reading women

Vivian Gornick on the Book That Made Her a Personal Essayist

Photo: Mitchell Bach

In Reading Women, the Cut talks to women who interest us about the books by women that transformed the way they think.

The book that influenced me the most in my life as a writer is a small book of essays called The Little Virtues by the Italian writer Natalia Ginzburg. I was quite young, in my late 20s and early 30s, when I read that book, and it taught me who I was as a writer. In the book, there is an essay called “My Vocation.” It’s an account of how Ginzburg came to be a writer. What she’s writing towards, and you’re following right along with her, is the deepening perception of what a piece of writing is: that it has to come from the heart, from the spirit. And she discovers that she is not a fiction writer, but in fact a personal essayist. That’s what she called her vocation — meaning, This is the work I was born to do. She sees that only by being a person who is able to touch the deepest parts of her own self, as a writer, can she experience and practice generosity towards others.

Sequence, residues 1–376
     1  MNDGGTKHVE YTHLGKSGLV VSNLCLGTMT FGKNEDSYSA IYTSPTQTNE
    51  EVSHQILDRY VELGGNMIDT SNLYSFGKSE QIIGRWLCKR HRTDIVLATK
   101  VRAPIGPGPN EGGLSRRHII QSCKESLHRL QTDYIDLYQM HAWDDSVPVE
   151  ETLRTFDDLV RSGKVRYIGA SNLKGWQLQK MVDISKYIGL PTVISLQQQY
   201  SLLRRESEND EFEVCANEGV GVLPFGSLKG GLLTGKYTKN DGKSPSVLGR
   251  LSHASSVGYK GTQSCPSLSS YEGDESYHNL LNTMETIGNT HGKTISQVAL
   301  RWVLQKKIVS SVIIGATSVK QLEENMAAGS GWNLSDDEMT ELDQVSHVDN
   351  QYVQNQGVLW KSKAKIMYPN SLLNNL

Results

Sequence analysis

I’ve read these essays over and over as the years have passed. The deepest lesson that I learned was that I was going to become a personal essayist, and that it was as an essayist that I would try to use myself, not to speak about myself, but to explore the world. When you feel that the writer is genuinely on a path of discovery, or self-discovery, the writing comes alive. Ginzburg is insisting that the essay can make you feel the wonderment of being alive as much as you could in a story or a poem. And she does that. It’s my hope that I sometimes do it, too. That’s the claim of the personal essay now, that it has the power to make emotional experience come alive. That’s what we read for, the emotional experience.

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Vivian Gornick on the Book That Made Her a Personal Essayist